Thursday June 15, 2017
'It's just too much': Syrian refugee escaped civil war only to die in London highrise fire
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- June 15, 2017 episode transcript
- Full Episode
After surviving the Syrian uprising, the crackdown by President Bashar al-Assad, a bombing campaign by ISIS and the dangerous passage across the Mediterranean Sea, Mohammad Al-Haj Ali died scared and alone in a burning London apartment tower.
The 23-year-old Syrian refugee was the first victim to be identified after a massive fire engulfed the Grenfell Tower public housing highrise in the U.K. capital on Wednesday.
"It's just unbelievable. This man, he fled Syria seeking safety, seeking a better future, and look at his end. So tragic. Unbelievable," his friend Abdulaziz Almashi told As It Happens host Carol Off. "I just, I can't take it. Literally, I can't even believe he passed away in such a horrific way."
- AS IT HAPPENS: Witness describes 'wall of fire' engulfing tower
- Criminal charges possible in London fire
Ali, a civil engineering student at the University of the West London, was on the 14th floor of the building with his brother Omar when the fire broke out early Wednesday morning.
"Ultimately he told them, 'Look, the fire is here, I'm going to die, I'm going to die. Goodbye, and tell my mom and my dad I love them.' And that was the last message." - Abdulaziz Almashi
The two of them attempted to escape down the building's only stairwell.
"But it was too dark and the smoke was so thick, so they lost each other on the stairs," Almashi said. "They were shouting, but they couldn't reach each other because it was too dark."
Omar made it to safety, but Mohammed became overcome by the smoke and returned to the apartment. He tried to call his parents in Damascus, but he couldn't get through. So he phoned his friend in Syria on Skype.
"I spoke to that guy in Syria and he told me that. He told me the whole conversation. He said they stayed on the line with him for two hours trying to tell him: 'You will be fine. Don't worry. The firefighters are there. You are in London, you are not in Syria. Don't worry, the rescue team will reach you,'" he said.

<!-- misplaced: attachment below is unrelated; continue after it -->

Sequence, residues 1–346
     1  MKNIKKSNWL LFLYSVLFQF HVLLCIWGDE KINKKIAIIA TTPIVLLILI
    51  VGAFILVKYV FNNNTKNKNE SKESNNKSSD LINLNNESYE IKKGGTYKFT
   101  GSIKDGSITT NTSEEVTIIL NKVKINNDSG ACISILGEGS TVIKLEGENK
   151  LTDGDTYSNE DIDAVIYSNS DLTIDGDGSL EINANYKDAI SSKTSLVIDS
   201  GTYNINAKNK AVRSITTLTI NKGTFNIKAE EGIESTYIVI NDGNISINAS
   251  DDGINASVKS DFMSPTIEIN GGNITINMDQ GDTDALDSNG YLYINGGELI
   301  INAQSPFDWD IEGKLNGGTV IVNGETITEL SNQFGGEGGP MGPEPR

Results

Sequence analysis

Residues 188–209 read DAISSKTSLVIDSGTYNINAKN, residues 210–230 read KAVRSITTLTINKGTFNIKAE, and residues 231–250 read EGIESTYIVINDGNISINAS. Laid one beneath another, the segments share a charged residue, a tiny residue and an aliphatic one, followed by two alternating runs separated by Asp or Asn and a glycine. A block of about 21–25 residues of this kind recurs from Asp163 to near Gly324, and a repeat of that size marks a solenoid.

"Can you imagine someone in Syria trying to make it easy for someone in London?"
Almashi later learned that firefighters were able to rescue people all the way up to the 13th floor. Mohammed was on the 14th.
"Ultimately he told them, 'Look, the fire is here, I'm going to die, I'm going to die. Goodbye, and tell my mom and my dad I love them.' And that was the last message," Almashi said.
Almashi, who met the Ali brothers through the Syria Solidarity Campaign, said they fled the city of Daraa — the birthplace of the Syrian uprising against Assad — in 2014, and were given asylum in Britain.
He remembers telling Mohammed he should study computer engineering because it would be easier to find a job in London.
"He said, 'I don't want to work in London. I want to [be] a civil engineer so when the war is over I can go back to Syria and I can rebuild Syria with the people,'" Almashi said.
"That's why I feel he was a loss not only for me, for our community, but even for Syria."
Political pressure is increasing following the inferno that killed at least 30 people at Grenfell Tower. Residents say their fears about fire safety had been ignored for years by local government authorities.
"Within a half an hour, the whole building was engulfed by fire, which is unacceptable in 2017 in London," Almashi said.
Police have launched a criminal investigation into the blaze and Prime Minister Theresa May has ordered a full public inquiry.
Rescuers are still searching for an unknown number of missing people after the fire, and Almashi fears the final death toll will be in the hundreds.
The Syria Solidarity Campaign has informed Mohammed's parents about his death, and they are now raising money to send his body back home.
When Off offered her condolences to Almashi for his friend's death, he replied: "If I tell you we're used to it as Syrians, would you believe that? I lost 14 members of my family back home in Syria.
"Syrians die today in Syria. If they flee, they might die in the sea. If they reach safety, they might get killed.
"It's just too much."
With files from Associated Press